Data from: DNA barcoding identifies cryptic animal tool materials
Neaves, Linda et al. (2021), Data from: DNA barcoding identifies cryptic animal tool materials, Dryad, Dataset, https://doi.org/10.5061/dryad.d7wm37q1v
Some animals fashion tools and other constructions out of plant materials to aid foraging, reproduction, self-maintenance, and protection. The choice of raw materials can affect the structure and mechanical properties of the resulting artefacts, with significant fitness consequences. Documenting animals’ material preferences is challenging, however, as manufacture behaviour is often difficult to observe directly, and materials may be processed so heavily that they lack identifying features. Here, we use DNA barcoding techniques to identify, from just a few recovered tool specimens, the plant species New Caledonian crows (Corvus moneduloides) use for crafting elaborate hooked stick tools in one of our long-term study populations. The method succeeded where extensive fieldwork using conventional approaches had failed, including targeted observations, radio-tracking, bird-mounted video-cameras, and behavioural experiments with wild and temporarily captive subjects. We believe that DNA barcoding will prove useful for investigating many other tool and construction behaviours, helping to unlock significant research potential across a wide range of study systems.
In May 2018, seven crow tools collected at site-3, New Caledonia between 2016 and 2017 were subsampled, two subsamples were taken from each tool, and these were homogenized in 2 ml tubes with two tungsten beads using the FastPrep-24™ 5G Benchtop Homogenizer for up to one minute, or with QIAGEN Tissuelyser II for 6 minutes at 25 Hz. DNA extraction then proceeded according to the DNeasy Plant Mini Kit (QIAGEN, Manchester UK), except the lysis step was extended to 60 minutes.
For species identification, we amplified ~500 bp regions of the chloroplast trnL-UAA intron [trnLc-d] and a ~600 bp nuclear ribosomal region containing the internal transcribed spacer regions ITS1 and ITS2 [ITS5p-8p]. Amplification was in 20 µl reactions using approximately 100 ng of genomic DNA, 10 x reaction buffer (Bioline BIOTAQ Reagent Buffer), 30 nmol MgCl2, 4 nmol dNTPs, 7.5 pmol primers, and Bioline BIOTAQ DNA polymerase (0.5 units). Negative controls and DNA extraction blanks were included in each PCR to check for potential contamination. Thermocycling was performed on a Bio-Rad Tetrad 2 (Bio-Rad, Hamburg, Germany) under the following conditions. For trnL: initial denaturation (94 °C for 4 min), followed by 35 cycles of denaturation (94 °C for 45 s), annealing (55 °C for 45 s) and extension (72 °C for 120 s), and a final extension of 10 min at 72 °C; and for ITS: initial denaturation (94 °C for 2 min), followed by 30 cycles of denaturation (94 °C for 60 s), annealing (55 °C for 60 s) and extension (72 °C for 90 s), and a final extension of 5 min at 72 °C. Two independent PCRs were carried out for each subsample. Successfully amplified PCR products were cleaned using ExoSap-IT© (USB Corporation, Cleveland, Ohio, USA). Sequencing was resolved on an AB 3730xl Sequencer at Edinburgh Genomics (Scotland, UK). Sequences were checked and edited with reference to chromatograms using Sequencher v 5.4.1 (Gene Codes Corporation, Ann Arbor, MI, USA).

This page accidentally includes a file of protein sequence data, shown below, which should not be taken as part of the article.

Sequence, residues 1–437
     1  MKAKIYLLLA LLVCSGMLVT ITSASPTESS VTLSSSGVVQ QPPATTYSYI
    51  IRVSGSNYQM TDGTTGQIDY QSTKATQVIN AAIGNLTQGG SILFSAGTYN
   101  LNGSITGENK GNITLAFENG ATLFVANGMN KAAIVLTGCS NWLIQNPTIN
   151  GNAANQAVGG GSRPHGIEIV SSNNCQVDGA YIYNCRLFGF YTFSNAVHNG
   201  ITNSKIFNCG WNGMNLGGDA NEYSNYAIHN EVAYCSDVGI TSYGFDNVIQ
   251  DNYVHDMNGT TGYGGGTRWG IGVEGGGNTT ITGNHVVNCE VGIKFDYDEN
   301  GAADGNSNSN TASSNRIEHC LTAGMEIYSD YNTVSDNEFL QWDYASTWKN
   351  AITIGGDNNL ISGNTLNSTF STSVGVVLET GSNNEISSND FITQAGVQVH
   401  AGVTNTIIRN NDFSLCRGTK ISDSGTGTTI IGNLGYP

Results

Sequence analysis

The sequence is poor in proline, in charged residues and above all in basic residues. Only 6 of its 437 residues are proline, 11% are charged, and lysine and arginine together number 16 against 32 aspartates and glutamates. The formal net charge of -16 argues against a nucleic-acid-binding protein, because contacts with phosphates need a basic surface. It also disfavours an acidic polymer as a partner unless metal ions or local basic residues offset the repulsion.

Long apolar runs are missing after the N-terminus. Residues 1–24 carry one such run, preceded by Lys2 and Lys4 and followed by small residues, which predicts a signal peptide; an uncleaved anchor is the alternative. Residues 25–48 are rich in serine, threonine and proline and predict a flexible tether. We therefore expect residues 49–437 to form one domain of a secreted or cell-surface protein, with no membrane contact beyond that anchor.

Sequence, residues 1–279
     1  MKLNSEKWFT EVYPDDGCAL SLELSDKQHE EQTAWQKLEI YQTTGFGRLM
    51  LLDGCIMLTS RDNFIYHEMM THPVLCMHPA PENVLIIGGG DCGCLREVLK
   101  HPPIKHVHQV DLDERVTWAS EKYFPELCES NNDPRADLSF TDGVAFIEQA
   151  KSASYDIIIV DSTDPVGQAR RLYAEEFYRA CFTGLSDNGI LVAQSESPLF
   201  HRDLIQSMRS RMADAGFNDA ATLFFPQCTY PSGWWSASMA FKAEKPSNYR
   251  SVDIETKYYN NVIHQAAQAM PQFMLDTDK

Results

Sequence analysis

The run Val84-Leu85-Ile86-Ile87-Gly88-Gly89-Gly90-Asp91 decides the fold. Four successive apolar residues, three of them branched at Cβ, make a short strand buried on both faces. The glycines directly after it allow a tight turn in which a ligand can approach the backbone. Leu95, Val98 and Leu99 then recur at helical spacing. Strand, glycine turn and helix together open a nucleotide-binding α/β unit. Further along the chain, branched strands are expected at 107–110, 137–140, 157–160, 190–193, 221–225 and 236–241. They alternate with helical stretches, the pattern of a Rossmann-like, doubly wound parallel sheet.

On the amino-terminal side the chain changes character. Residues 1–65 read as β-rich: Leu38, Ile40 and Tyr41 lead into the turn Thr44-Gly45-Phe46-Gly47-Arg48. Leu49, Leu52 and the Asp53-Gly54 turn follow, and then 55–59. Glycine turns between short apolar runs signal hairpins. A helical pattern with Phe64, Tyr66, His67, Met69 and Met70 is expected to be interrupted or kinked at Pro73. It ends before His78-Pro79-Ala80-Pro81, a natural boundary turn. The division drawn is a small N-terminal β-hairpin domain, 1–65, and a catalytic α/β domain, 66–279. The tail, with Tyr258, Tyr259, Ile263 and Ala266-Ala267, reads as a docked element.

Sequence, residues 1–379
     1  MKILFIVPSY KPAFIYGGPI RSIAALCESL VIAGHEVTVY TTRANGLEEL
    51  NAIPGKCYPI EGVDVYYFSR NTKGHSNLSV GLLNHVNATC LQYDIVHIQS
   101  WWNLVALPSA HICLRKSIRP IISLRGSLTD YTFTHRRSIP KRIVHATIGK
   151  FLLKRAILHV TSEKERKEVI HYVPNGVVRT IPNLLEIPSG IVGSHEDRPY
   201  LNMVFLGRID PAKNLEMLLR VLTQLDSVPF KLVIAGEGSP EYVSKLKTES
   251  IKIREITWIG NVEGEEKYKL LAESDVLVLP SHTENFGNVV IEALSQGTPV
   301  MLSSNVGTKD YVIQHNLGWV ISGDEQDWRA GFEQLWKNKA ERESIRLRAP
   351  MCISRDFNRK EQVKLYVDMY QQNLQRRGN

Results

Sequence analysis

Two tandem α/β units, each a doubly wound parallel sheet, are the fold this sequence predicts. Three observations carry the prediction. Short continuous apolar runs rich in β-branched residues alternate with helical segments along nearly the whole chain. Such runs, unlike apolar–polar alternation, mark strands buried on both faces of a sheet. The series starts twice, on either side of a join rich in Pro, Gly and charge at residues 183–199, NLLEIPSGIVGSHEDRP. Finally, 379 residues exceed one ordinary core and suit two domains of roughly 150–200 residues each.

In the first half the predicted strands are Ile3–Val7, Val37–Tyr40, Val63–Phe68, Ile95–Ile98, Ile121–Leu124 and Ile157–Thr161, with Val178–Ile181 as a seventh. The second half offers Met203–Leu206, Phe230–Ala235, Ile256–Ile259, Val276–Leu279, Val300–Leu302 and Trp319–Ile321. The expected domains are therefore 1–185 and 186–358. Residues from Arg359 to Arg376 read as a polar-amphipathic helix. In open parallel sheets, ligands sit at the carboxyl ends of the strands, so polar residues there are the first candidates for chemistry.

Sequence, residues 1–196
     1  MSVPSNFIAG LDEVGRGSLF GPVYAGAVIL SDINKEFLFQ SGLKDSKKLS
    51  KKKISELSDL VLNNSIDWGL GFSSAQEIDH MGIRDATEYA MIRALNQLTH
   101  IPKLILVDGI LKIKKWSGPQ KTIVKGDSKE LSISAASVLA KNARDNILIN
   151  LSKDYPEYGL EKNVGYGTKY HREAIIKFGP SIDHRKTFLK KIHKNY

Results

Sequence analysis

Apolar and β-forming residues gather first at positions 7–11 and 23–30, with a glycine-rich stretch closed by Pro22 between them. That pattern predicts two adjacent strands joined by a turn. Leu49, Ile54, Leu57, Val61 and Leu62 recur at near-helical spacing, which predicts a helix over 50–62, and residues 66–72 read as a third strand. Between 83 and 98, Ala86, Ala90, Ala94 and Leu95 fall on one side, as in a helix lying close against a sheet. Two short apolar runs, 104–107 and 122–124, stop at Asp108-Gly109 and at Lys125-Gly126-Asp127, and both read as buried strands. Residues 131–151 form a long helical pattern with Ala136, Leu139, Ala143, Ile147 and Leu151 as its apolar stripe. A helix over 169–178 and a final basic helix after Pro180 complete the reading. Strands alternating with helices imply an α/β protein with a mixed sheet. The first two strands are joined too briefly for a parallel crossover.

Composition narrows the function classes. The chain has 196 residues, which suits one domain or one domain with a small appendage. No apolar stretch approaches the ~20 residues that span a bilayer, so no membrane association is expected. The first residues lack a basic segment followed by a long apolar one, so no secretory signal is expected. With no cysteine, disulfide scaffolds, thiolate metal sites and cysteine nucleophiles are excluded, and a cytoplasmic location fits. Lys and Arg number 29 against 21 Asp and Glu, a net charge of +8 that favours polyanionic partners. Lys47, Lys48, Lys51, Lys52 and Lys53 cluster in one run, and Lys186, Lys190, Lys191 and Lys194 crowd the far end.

Sequences obtained for all tool samples were lodged with GenBank under accession numbers MT366813–MT366819 (trnL) and MT366951–MT366952, MT366955–MT366959 (ITS). The resulting sequence haplotype for each region was used for performing BLASTn searches against the National Centre for Biotechnology Information Nucleotide nonredundant database (4 July 2018) to obtain the best 100 matches (excluding environmental samples).
Based on putative identification from the BLASTn searches, we also collected reference leaf samples of Mimusops elengi (n = 3) and its closest locally occurring relative, Planchonella cinerea (n = 2). Leaves were collected from separate trees at or near site-3 and site-1. In March 2019, DNA extraction, PCR amplification and sequencing for the reference samples were performed exactly as described above for the tool samples. The resulting DNA sequences for the reference data were lodged with GenBank under accession numbers MT366823–MT366824 (trnL) and MT366953–MT366954 (ITS) for P. cinerea, and MT366820–MT366822 (trnL) and MT366960–MT366962 (ITS) for M. elengi. Phylogenetic trees were generated using these samples plus the top 100 BLASTn matches (excluding environmental samples). Since taxa from both Sapotaceae and Theaceae were present in the top matches for trnL, Acanthogilia gloriosa (GenBank accession EU348374), a polemonioid Ericale was included as the outgroup for trnL. Since all the taxa in the top matches for ITS were from the Sapotaceae, subfamily Sapotoideae, Sarcosperma laurinum (GenBank accession AM408055), which has previously been shown to be sister to the rest of the family, was included as an outgroup for ITS.
Sequences were aligned using the MUSCLE algorithm. Maximum-likelihood (ML) trees were constructed using the .pml function in the package phangorn, implemented in R. The most appropriate model of DNA substitution was selected using the AIC and the function modelTest. We used the HKY model with the proportion of invariant sites and rate variation optimized using the function optim.pml. Support for the branching topology was evaluated with 1,000 bootstrap replicates. Separate trees were generated for chloroplast (trnL) and nuclear (ITS) regions.
See README file for usage. Data in Mesquite format and includes alignments and consensus tree. There is one Mesquite file per DNA barcode. All Genbank numbers are listed in the sequence headers and branch labels.
Leverhulme Trust, Award: RPG-2015-273
Biotechnology and Biological Sciences Research Council, Award: G023913/1
Biotechnology and Biological Sciences Research Council, Award: G023913/2